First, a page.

Beirut – January 13, 2011

(Realized this post has been sitting in my drafts for months – whoops – haha)

I’ve never been in a race car; however, the sensation must be similar to what we experienced today with Sammy Andretti, as Kimberly has accurately named our dear Sammy πŸ™‚ Although there were a few more near-death experiences while travelling in Kolkata, my life definitely flashed before my eyes a few times while running an afternoon-full of errands for the studio.

Yet what will mark this day for me was a dialogue about worship that took place this evening among a few of us. In America, it seems that we often have such a consumeristic view of Church. There are so many options that we get to pick what fits us best and which place will offer us the environment that suits our tastes. I don’t remember how the conversation started, but we began to talk about how so many little things separate The Church in America into churches and create this unhealthy division. (I will say that I do think God gifts leaders of The Church with the ability to translate the universal Truth of who He is into a way that will best reach the body with whom the leader has been entrusted – much like how language is translated and I as an English speaker may need the Japanese language to be translated to me before I understand it – but how often is this line blurred into catering to consumers? I really am just thinking out loud and don’t have an answer). Anyways, it seems that so often there will be squabbles in The Church about music, preaching styles, church cultures, etc. and some will even judge another’s worship based on their criteria of a ‘good Christian.’ However, John Walters made the incredible statement about how he hears these arguments and yet some of the most powerful times of worship He has experienced have been in countries where He is a foreigner to the language and the customs and yet is carried deeply to the heart of God in a church where He cannot necessarily sing along or understand every word that is said. And I completely agree – thinking of a small village church in Uganda, experiencing mass with the sisters of The Missionaries if Charity in Kolkata, India, and especially worshipping with my new brothers and sisters in Damascas as they sang in Arabic. Perhaps it is because something was stripped – I was no longer worried about how this affected my tastes but was willing to connect with the heart of the worshippers – and it was powerful and authentic.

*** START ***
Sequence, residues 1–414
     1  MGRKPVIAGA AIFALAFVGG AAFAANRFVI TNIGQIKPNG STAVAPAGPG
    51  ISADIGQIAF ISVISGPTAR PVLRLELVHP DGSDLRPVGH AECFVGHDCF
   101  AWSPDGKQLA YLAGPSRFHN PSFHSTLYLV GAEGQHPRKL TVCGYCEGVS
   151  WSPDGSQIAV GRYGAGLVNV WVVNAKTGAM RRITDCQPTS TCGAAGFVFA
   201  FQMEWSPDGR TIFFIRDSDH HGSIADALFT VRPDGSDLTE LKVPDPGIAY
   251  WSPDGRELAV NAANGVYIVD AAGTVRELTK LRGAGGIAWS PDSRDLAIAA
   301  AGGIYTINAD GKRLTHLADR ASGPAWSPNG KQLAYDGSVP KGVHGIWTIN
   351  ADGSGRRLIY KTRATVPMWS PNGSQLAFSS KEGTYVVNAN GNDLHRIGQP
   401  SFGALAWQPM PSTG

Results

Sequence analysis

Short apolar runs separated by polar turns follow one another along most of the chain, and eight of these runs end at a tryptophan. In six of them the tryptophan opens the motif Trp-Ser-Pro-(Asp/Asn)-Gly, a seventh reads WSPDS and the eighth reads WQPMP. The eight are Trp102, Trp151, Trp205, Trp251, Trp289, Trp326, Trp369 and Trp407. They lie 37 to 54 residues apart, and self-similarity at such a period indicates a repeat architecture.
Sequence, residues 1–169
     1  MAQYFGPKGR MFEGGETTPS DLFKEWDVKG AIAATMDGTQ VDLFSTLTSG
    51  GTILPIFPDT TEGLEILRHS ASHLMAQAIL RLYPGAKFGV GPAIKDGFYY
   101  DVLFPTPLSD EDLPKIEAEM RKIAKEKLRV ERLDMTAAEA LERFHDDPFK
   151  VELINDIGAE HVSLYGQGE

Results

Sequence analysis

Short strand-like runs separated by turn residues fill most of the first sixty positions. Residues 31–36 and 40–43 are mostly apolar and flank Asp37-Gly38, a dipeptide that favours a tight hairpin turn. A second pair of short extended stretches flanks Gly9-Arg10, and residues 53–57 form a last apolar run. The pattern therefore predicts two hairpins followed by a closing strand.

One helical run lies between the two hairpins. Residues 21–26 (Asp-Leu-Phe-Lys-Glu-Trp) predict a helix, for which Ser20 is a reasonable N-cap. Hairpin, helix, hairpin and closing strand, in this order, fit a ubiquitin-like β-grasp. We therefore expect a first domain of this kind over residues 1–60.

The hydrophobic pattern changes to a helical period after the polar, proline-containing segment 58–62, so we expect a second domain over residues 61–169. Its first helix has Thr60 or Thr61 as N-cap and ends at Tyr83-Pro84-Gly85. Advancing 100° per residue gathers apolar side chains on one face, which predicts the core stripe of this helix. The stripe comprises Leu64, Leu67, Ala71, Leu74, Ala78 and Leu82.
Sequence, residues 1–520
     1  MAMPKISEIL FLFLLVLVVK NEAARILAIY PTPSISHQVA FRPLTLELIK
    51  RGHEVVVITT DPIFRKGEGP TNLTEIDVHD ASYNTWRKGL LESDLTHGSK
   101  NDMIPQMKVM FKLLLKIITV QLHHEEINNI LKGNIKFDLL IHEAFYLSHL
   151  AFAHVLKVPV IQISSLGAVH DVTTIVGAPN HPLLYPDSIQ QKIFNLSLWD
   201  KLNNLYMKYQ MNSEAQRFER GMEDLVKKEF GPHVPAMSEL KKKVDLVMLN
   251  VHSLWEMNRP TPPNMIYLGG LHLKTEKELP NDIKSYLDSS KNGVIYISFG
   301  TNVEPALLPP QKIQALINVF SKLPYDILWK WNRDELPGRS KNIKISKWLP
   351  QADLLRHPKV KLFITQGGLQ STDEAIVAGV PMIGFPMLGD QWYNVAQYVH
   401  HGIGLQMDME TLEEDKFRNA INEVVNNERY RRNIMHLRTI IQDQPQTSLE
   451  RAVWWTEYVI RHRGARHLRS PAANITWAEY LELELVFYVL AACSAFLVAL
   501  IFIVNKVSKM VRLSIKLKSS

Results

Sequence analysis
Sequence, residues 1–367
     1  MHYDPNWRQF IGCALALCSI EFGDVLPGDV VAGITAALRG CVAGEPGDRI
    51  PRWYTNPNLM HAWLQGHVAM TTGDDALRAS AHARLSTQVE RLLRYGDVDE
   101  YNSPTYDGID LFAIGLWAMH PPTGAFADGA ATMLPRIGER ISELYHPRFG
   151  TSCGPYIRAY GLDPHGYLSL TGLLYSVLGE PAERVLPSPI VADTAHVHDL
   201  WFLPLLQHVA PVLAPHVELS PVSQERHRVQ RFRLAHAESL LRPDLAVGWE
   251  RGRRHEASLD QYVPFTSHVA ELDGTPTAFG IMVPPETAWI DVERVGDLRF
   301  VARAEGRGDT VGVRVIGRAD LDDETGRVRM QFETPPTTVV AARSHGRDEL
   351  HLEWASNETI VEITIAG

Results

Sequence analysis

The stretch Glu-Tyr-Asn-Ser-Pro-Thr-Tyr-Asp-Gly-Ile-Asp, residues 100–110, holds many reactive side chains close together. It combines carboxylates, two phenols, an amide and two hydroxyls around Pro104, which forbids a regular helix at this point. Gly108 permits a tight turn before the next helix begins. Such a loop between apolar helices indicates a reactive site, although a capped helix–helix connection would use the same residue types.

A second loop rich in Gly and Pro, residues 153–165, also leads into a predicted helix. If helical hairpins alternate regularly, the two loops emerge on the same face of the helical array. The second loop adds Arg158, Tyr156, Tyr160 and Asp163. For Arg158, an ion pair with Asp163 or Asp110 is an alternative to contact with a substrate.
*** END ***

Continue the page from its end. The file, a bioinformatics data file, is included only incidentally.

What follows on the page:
Please forgive how much rambling is contained in this post πŸ˜‰ But another thing that struck me was when a member of our group talked about why they go to the church they do – not necessarily because of the ‘style’ of musical worship (because frankly it’s not their style) but because they know the stories of this family and that family in the church and find strength in being The Church and worshipping as a body together with them. Perhaps this is a part of the wisdom that comes with a Christian walk that is not centered on themselves.

All that to say – I am still very much processing what it looks like to be The Church, to worship as the body we were created to be, to be united under Truth and not the little divisions that seem to do us more harm than good, to ‘live a life worthy of the calling to which we have been called.’ And all of these thoughts call for much more unpacking and wrestling as I continue to try and go deeper into His heart for us as His children.

2 thoughts on “Beirut – January 13, 2011

  1. Hey Jenn, I dont mind your rambling here. You’re sharing your concerns in this case. So keep up the Christ’s love, the church sure do need more like you. Oops, belated as it may, blessed Christmas to you! Hello from Malaysia.

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